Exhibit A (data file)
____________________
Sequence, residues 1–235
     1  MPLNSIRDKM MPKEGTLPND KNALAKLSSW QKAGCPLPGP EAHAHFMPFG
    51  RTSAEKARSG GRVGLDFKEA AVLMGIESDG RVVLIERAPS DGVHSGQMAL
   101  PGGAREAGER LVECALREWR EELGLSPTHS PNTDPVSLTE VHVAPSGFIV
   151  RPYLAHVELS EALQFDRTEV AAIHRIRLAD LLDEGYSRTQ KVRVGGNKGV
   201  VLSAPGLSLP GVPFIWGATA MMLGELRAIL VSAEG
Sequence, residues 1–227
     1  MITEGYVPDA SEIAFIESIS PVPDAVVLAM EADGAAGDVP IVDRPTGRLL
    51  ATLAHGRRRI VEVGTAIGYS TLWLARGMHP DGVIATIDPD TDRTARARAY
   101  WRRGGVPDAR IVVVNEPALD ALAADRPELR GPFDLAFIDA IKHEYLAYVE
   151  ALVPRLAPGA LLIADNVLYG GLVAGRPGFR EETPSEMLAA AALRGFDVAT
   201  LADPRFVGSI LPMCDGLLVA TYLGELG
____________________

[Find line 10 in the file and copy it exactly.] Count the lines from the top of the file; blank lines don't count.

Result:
   101  WRRGGVPDAR IVVVNEPALD ALAADRPELR GPFDLAFIDA IKHEYLAYVE